Deployment Techniques in Wireless Sensor Networks

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International Journal of Soft Computing and Engineering (IJSCE)

ISSN: 2231
-
2307, Volume
-
2,
Issue
-
3, July 2012


525




Abstract


In this paper, we study coverage with connectivity
properties in large wireless sensor networks (WSN). Coverage is
one of the main research interest in wireless senso
r network, it is
use to determine the quality of service of the networks. Therefore
this paper aims to review the common strategies use in solving
coverage problem in WSN. The strategies reviewed are
categorised in to three groups based on the approaches u
sed; force
based, grid based or computational geometry based approach.


Index Terms


Connectivity,
coverage
, network lifetime,
sensors, Voronoi diagram.

I.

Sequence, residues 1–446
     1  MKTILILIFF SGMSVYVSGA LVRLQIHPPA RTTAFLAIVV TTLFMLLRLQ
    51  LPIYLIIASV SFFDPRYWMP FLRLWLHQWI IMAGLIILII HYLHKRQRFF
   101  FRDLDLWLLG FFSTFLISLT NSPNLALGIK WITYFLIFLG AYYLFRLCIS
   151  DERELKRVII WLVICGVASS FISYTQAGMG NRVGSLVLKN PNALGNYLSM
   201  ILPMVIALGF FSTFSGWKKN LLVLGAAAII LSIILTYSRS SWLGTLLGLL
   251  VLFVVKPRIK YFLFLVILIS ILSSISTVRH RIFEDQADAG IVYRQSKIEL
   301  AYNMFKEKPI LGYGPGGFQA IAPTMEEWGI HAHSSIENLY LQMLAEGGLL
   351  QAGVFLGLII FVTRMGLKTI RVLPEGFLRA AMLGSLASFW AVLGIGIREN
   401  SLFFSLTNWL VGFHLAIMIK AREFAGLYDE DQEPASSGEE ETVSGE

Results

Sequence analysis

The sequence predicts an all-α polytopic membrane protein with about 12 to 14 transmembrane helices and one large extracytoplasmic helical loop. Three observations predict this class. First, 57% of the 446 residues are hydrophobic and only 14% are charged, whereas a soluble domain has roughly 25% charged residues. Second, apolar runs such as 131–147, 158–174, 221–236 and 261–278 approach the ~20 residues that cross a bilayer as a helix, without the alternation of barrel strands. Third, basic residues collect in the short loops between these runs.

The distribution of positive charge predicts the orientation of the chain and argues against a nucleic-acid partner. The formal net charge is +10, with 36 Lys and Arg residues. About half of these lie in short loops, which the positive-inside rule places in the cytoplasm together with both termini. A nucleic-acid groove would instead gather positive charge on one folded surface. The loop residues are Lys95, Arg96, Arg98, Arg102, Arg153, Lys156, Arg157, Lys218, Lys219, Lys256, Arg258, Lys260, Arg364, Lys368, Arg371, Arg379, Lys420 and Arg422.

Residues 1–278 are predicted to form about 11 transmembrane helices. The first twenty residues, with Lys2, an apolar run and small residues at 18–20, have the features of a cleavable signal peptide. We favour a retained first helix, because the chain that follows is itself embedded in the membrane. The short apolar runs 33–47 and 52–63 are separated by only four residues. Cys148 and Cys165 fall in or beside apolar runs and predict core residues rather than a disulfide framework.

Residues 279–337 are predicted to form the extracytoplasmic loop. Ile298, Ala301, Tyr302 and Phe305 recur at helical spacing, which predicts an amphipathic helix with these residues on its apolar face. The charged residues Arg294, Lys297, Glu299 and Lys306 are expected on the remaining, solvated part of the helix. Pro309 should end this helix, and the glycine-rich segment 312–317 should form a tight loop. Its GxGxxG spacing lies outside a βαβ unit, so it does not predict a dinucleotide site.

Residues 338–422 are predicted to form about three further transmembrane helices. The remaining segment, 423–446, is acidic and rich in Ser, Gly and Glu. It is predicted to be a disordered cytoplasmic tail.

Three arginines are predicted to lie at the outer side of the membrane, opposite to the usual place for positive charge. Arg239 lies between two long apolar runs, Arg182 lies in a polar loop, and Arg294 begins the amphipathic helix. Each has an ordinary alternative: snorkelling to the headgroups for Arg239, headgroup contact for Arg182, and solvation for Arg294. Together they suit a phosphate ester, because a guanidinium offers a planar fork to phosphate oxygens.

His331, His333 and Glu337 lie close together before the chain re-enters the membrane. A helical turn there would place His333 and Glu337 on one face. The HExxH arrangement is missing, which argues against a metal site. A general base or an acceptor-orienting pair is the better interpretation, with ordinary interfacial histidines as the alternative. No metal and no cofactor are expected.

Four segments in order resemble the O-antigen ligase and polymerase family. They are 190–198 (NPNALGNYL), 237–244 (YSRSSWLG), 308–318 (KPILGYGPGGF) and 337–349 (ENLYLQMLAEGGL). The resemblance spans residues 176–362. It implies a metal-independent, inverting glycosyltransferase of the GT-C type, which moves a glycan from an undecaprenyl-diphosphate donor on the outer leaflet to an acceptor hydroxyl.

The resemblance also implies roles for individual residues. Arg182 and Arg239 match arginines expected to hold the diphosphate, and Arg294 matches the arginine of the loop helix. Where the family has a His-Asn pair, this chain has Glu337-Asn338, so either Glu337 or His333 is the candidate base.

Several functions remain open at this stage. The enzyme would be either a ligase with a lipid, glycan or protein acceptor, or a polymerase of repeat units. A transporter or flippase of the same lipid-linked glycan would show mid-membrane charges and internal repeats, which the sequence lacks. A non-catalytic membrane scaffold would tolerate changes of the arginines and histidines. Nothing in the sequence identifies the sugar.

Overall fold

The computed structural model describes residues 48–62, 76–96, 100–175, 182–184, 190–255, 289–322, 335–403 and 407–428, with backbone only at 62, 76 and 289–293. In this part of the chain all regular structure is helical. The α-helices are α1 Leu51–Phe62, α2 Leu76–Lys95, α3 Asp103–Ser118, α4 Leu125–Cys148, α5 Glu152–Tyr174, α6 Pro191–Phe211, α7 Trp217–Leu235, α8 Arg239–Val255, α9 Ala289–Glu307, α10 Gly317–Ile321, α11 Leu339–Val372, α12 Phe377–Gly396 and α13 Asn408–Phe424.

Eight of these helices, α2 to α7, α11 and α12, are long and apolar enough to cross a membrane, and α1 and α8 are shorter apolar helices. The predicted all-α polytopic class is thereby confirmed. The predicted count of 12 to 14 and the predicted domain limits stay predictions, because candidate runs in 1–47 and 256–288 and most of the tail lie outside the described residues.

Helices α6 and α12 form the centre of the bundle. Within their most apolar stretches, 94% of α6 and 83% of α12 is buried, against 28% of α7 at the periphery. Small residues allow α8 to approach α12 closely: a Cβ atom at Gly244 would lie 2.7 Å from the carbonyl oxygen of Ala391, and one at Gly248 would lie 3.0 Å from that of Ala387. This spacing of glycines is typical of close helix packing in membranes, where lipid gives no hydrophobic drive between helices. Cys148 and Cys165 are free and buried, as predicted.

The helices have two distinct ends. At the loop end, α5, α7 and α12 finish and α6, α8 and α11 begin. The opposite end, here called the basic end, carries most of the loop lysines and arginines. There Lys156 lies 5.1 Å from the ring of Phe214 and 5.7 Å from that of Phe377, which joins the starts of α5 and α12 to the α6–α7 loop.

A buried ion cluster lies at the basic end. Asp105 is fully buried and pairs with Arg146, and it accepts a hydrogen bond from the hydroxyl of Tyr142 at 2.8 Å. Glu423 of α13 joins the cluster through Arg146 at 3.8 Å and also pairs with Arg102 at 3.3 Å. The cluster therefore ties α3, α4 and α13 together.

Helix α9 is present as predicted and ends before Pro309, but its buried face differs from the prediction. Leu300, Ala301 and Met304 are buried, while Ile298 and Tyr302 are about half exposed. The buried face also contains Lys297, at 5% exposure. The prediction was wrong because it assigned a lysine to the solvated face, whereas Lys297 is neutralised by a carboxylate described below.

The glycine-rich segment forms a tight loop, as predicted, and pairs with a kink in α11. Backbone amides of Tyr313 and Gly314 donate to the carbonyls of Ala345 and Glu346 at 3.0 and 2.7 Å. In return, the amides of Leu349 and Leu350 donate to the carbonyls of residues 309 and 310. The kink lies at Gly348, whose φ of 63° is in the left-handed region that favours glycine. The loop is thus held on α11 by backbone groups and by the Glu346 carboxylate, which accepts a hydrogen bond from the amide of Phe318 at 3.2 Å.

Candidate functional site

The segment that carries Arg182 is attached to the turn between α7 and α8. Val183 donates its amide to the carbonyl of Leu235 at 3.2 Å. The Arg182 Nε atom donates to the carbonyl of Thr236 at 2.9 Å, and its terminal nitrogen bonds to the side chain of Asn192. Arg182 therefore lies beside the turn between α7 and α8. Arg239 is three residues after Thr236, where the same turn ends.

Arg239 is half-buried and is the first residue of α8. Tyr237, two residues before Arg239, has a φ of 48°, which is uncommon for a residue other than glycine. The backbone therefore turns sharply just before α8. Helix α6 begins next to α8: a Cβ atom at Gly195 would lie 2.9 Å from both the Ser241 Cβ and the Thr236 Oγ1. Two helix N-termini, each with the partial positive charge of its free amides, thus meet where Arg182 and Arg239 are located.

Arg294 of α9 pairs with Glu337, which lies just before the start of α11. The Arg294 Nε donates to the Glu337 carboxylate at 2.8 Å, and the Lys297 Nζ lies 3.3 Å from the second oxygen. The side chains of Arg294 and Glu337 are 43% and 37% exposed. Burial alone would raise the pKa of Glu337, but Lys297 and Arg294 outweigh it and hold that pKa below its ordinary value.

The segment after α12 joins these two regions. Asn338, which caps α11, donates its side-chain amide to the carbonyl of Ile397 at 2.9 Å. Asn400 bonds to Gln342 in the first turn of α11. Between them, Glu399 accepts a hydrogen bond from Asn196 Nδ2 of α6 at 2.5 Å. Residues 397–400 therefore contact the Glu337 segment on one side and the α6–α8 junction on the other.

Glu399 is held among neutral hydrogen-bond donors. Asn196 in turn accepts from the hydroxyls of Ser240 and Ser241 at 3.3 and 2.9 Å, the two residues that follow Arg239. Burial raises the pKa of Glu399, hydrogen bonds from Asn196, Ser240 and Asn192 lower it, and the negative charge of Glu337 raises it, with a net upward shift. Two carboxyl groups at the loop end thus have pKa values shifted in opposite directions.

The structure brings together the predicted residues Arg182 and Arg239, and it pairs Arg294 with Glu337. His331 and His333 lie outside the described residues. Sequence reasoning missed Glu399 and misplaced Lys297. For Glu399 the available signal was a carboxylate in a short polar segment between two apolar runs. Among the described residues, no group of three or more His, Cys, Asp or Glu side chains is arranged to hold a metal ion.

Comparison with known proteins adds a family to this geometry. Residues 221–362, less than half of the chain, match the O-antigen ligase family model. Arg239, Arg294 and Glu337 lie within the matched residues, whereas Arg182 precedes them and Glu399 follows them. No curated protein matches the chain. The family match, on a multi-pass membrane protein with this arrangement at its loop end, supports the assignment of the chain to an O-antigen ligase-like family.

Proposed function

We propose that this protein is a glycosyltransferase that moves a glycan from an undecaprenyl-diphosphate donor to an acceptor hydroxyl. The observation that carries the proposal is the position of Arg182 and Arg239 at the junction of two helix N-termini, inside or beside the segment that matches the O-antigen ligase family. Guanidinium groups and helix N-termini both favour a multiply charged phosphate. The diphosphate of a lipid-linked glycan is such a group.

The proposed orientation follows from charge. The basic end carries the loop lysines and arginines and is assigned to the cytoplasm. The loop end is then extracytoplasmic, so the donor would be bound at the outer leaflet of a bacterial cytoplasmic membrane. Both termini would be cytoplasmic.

INTRODUCTION



Recent advancement in microelectronics, digital signal
processing, and low power RF tec
hniques have enabled the
deployment of large wireless sensor networks. Wireless
sensor networks can be deployed in areas without
infrastructure support, in hostile fields, and harsh
environment. Applications of such sensor network include
spatially in temp
orally dense environmental monitoring,
battle field monitoring seismic structure response study,
precision farming, traffic monitoring, etc. The deployment of
wireless sensor networks we have significant impact on both
scientific adventures and our daily l
ife.


We consider a wireless sensor network where sensor nodes
have both sensing ability and communication ability.
Coverage and connectivity are basic requirements in a
wireless sensor network. The objective of such a network is to
detect events of int
erests or collect data and then report the
obtained information to a fusion center. Therefore,
connectivity, i.e., the ability to report information to the